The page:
Alfred Lilienthal: Why Anti-Semitism?
- Any time that we hear that Jews are "suddenly"
being persecuted, we have to ask what is really
going on. Are their opponents attacking them only
because they are Jews?
Why The Rise In Anti-Semitism In Europe?
By Dr. Alfred M. Lilienthal, author of "What Price Israel?"
WASHINGTON (PINA) - An op-ed piece by Abraham
Foxman, head of the Anti-Defamation League,
entitled "Europe's Anti-Israel Excuse" appeared in
the Washington Post on June 26, 2002. Foxman
claims to believe that the growing criticism in
Europe of Israeli misconduct somehow equals a
resurgence of anti-Semitism similar to the dark
Hitler era. For that matter, he makes an even far
wider claim that this supposed new rise in the old
anti-Semitism is somehow central to all human
"Throughout history a constant barometer for
judging the level of hate and exclusion vs. the
level of freedom and democracy in any society has
been anti-Semitism -- how a country treats its
Jewish citizens. Jews have been persecuted and
delegitimized throughout history because of their
perceived differences. Any society that can
understand and accept Jews is typically more
democratic, more open and accepting of 'the
other.' This predictor has held true throughout
Here in Foxman's own words, we have a prime
example of the kind of egocentric and grandiose
preoccupation with his Jewishness that tends to
give other Jews a bad name. What hogwash that
throughout all of human history and throughout all
the societies that have ever existed, the world
has somehow revolved around the status of "The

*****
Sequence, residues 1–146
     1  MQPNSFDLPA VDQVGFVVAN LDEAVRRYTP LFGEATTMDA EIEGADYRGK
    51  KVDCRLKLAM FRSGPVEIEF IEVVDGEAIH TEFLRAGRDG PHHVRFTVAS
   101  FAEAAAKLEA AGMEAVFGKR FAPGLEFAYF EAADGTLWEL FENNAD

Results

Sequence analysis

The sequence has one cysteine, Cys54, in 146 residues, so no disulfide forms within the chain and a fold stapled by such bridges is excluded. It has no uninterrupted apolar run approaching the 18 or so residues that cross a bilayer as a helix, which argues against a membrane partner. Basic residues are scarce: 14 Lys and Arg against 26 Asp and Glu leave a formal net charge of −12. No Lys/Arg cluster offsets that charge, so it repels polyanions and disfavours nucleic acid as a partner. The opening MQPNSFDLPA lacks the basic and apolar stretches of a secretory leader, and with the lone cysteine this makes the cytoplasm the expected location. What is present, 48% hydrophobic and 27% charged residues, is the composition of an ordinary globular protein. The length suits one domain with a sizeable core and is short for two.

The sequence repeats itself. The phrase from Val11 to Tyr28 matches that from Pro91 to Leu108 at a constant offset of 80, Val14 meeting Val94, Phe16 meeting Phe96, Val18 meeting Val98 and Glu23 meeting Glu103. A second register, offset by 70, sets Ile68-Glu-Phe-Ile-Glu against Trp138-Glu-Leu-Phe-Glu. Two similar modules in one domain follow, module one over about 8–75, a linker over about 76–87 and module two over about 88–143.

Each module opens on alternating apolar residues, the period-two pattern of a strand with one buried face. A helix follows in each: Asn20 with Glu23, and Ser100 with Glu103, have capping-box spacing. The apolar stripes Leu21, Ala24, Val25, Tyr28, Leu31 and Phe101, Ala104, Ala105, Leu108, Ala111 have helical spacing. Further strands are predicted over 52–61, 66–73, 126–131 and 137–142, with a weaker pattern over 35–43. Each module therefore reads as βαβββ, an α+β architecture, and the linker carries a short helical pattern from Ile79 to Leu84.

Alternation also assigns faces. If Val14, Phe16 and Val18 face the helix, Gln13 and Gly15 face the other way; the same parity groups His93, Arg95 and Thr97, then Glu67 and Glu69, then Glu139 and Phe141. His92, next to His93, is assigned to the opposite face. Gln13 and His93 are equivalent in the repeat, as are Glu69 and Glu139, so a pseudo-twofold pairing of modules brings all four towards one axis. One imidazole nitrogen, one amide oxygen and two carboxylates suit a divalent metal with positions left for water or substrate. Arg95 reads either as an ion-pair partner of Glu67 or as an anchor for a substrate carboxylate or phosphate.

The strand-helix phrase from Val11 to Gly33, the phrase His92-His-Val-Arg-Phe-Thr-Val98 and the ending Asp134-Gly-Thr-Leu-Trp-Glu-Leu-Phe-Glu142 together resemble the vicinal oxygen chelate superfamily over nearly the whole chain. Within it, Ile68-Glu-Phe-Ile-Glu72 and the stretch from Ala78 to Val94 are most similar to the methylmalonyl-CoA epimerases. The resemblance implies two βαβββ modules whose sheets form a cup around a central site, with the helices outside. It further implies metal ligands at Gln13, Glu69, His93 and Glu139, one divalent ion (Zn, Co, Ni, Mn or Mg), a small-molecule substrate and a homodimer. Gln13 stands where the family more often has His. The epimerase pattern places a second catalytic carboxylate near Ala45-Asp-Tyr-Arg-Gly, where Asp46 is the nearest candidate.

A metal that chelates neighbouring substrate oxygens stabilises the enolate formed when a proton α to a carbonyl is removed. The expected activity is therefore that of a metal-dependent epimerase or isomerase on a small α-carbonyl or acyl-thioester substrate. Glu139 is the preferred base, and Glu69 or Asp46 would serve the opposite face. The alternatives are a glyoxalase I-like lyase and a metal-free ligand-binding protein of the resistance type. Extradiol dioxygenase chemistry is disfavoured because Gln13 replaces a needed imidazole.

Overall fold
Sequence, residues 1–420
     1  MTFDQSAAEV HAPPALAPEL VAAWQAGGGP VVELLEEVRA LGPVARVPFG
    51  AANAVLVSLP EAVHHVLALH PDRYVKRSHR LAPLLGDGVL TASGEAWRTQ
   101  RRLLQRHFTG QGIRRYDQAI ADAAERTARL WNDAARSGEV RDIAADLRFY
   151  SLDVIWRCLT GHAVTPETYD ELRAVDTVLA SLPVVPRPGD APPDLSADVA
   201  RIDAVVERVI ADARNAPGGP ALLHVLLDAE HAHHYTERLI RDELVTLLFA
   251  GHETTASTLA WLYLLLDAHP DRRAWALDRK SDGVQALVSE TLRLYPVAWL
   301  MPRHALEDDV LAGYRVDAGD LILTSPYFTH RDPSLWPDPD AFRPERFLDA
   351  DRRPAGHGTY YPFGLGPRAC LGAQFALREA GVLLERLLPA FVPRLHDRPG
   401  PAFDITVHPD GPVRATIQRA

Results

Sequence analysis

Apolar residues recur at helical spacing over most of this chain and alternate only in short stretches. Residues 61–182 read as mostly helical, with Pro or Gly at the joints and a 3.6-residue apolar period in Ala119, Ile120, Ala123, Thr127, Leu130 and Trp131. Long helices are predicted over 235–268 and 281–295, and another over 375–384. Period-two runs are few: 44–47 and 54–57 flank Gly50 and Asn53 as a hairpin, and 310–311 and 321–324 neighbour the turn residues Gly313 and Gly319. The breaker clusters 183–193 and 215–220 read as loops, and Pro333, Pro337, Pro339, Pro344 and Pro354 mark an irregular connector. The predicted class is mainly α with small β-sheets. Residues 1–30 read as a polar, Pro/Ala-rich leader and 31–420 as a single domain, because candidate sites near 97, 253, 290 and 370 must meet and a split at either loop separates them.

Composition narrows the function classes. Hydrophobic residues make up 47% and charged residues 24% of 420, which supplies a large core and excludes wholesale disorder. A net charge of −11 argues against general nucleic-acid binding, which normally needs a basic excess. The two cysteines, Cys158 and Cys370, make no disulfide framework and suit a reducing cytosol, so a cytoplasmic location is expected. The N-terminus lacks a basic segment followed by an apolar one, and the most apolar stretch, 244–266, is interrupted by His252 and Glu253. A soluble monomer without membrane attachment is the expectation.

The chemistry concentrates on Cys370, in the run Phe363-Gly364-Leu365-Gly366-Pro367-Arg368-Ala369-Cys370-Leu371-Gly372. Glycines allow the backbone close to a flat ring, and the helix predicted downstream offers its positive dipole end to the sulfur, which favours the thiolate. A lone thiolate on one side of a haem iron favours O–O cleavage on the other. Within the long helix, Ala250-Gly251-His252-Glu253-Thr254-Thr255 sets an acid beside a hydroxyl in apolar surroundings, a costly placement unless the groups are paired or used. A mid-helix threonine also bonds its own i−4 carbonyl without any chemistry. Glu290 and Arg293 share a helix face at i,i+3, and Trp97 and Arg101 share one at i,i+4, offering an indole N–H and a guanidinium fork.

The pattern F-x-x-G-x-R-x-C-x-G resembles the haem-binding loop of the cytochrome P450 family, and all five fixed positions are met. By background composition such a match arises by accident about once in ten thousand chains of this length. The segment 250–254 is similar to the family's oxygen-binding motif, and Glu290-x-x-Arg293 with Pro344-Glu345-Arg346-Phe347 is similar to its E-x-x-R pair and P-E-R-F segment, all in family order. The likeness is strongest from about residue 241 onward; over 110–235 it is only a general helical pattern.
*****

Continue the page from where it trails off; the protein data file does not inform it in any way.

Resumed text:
This claim of unique Jewish specialness is
preposterous and offensive. If the Irish, the
Chinese, the Arabs, the Catholics, the Buddhists,
or any other ethnic or religious group made such a
ridiculous universal claim about themselves, we
would likely find it both disgusting and
laughable. Foxman makes this absurd statement, but
if we dare to say it is absurd, immediately he
would counter that we are anti-Semitic to say so.
A half century ago there were only a few of us
Jews in America who were willing to be openly
anti-Zionist and publicly question Israel's brutal
conduct toward the Arab inhabitants of Palestine.
Rabbi Elmer Berger and I used to tangle with the
Anti-Defamation League even way back then. We were
labeled self-hating Jews, and our criticisms of
Zionism were thus largely dismissed. Berger passed
on from this world in 1996, but I am still around
to attempt to refute the many distortions of
Abraham Foxman and the present ADL.
Fortunately, I am no longer alone in my old age
to make these challenges! Younger Jewish people in
America and Europe and throughout the world are
now bravely and eloquently speaking out. The
Washington Post printed on July 6, 2002 the
following Letter to the Editor by a Board Member
of "Jews for Peace in Palestine and Israel":
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